Composting in Washtenaw County

Contents

Composting Basics --
The What and the Why

Composting is nature's own recycling system. Leaves, grass, and other organic matter provide a home and food supply for nature's recyclers--bacteria, worms, and other microorganisms. These organisms feed on the plant material, breaking them down, and turning them into a dark, nutrient-rich organic product called compost.

Compost bin and shovelAs with recycling, composting is about reducing waste through closing loops. While materials such as paper and aluminum can be reprocessed into a "fresh" form available for re-use, composting is a natural process that allows for the reprocessing of organic waste. Whether or not you grow your own food, what you eat is the product of a number of inputs including fertilizer (either organic or "conventional"), sunlight, and water. Food that is consumed, however, is only a portion of the product of those inputs. Waste products, including leftover food scraps as well as unharvested parts of plants and other yard waste, contain valuable nutrients that, through composting, can be turned into new fertilizer, providing a new input and closing the fertilizer loop! Compost is a high-quality form of organic fertilizer.

Composting is simple once you learn the basics, and anyone can do it, even those who don't garden. If you do garden, you will find composting to be a valuable source of quality fertilizer for your plants. If you don't garden, give your compost to a friend who does, and you will probably receive some fresh food or cut flowers in return. If you don't know anyone who gardens, you can easily find a taker for your compost using Craig's List, certain store bulletin boards, or other, similar means.

Whether or not you garden, composting provides a fairly simple opportunity to turn potential landfill waste into an environmentally friendly and useful product.

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Getting Started Composting: Piles, bins, and tumblers

Composting can be done in bins or piles. Bins come in a variety of different shapes and forms, and are made from numerous different materials. Composting can also easily be done in simple, open-air piles, or even in rows. Bins are often preferred in urban settings, because they keep compost neat and tucked away while providing heat and moisture retention, but piles are generally easier to access and maintain. Compost tumblers are also available, and these overcome the potential maintenance challenges of bins, but are generally expensive and don't have the benefit of keeping your compost in contact with the ground, which is a source of useful decomposers such as worms. Special compost start is available in stores and is particularly useful when starting compost in a tumbler.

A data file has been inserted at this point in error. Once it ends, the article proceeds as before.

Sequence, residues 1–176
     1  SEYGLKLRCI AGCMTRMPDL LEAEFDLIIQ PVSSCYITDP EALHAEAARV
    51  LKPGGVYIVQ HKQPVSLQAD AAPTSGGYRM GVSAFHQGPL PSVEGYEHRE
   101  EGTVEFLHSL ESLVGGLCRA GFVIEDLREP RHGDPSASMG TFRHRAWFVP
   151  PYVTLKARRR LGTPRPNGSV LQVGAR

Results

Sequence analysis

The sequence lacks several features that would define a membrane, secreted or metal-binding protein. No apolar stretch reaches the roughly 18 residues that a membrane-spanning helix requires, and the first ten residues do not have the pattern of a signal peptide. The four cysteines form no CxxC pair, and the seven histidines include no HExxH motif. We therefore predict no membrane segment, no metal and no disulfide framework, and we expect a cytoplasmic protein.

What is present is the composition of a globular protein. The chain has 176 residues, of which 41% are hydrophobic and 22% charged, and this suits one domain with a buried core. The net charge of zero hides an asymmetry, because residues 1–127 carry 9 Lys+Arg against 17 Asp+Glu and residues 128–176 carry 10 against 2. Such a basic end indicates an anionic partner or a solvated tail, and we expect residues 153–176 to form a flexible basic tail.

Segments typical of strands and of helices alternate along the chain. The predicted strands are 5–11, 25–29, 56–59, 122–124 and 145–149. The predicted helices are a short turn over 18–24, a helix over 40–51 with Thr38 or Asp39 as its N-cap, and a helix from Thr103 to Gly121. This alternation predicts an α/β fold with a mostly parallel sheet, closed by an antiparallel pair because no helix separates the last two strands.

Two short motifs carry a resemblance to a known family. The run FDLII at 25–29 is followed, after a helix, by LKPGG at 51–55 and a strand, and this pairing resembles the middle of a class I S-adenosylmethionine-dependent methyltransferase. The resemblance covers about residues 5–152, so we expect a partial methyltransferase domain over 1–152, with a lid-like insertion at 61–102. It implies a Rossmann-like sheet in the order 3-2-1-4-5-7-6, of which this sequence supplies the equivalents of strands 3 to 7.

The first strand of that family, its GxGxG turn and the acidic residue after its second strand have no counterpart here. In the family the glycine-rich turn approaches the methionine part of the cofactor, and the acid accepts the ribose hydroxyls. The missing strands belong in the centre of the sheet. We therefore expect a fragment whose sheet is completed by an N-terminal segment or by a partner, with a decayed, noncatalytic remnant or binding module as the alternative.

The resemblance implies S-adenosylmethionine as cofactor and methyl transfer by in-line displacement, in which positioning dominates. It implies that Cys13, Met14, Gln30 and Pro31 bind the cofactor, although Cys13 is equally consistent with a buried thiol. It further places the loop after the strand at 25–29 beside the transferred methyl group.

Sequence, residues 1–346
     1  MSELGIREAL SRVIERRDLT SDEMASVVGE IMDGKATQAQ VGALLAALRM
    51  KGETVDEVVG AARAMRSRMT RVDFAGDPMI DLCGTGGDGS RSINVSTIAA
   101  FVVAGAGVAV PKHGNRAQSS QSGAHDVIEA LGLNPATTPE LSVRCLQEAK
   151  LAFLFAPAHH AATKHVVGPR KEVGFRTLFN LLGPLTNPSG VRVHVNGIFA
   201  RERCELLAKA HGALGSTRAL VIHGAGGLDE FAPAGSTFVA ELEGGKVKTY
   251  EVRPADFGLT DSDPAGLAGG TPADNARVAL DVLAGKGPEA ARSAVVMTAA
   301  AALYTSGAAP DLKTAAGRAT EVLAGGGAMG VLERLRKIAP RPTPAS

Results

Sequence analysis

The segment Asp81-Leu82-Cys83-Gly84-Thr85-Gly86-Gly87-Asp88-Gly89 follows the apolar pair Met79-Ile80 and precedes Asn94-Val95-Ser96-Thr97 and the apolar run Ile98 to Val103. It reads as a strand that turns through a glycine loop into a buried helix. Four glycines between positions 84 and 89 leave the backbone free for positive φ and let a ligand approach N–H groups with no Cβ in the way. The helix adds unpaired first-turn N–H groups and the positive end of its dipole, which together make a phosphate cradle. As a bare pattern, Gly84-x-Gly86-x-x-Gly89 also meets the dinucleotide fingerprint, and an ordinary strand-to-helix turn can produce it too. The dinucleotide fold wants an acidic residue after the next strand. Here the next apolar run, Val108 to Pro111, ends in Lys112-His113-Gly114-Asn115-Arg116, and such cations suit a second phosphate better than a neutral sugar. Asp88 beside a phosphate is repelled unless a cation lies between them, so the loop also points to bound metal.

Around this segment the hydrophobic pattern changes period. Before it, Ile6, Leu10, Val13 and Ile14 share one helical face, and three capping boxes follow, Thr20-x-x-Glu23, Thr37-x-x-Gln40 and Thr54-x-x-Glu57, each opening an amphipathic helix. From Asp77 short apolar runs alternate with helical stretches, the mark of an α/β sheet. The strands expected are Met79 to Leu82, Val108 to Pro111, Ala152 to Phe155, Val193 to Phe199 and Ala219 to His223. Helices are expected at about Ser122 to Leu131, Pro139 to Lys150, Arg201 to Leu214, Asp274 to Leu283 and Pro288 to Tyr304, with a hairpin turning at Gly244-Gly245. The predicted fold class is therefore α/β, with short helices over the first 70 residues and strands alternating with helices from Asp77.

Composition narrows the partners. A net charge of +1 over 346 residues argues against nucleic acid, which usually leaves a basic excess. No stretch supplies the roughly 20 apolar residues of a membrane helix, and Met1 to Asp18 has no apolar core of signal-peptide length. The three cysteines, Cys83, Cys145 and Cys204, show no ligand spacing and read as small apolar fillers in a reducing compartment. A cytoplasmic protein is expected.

Compost bin types

We sell a simple compost bin, similar to the center bin in the above image, which includes an informative book titled "Backyard Composting" to help you get started, for just $12.

  • Sets up in minutes without tools -- all parts are included
  • Manufactured from post-consumer recycled plastic by the Presto Company
  • Adjustable; offers easy access to your materials for turning and harvesting
  • Extremely lightweight and easy to move

The Presto compost bins can be purchased at the 705 N. Zeeb Road service counter during regular business hours, 8:30am - 5:00pm. 

For more information on how to purchase a bin or books about composting, call (734) 222-6874.

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Getting Started Composting: Adding organic material

Compost materials are often categorized as either "greens" or "browns". They are also known as wet and dry materials, respectively. "Greens" are generally considered to provide nitrogen to your pile, while "browns" provide carbon. Food scraps, green (as opposed to woody) plants, lawn clippings, and tea bags are all examples of "greens", while leaves, straw, and twigs are examples of "browns". Manure from herbivorous (and mostly herbivorous) animals such as rabbits and chickens makes a great, nitrogenous addition to your pile.

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Composting Workshops

Workshops on various composting topics, such as backyard or worm composting, can be conducted free of charge by County staff. If you have a group of friends, neighboorhood groups, or co-workers interested, pick a date and time and contact the Solid Waste Program at (734) 222-6874.

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Links and Other Resources

Books:

  • "Backyard Composting"
    by Harmonious Technologies.
    An easy to read how-to guide to composting.
  • "Rodale Book of Composting"
    by Deborah L. Martin and Grace Gershuny.
    A more in-depth approach to composting with the emphasis on the science behind composting.

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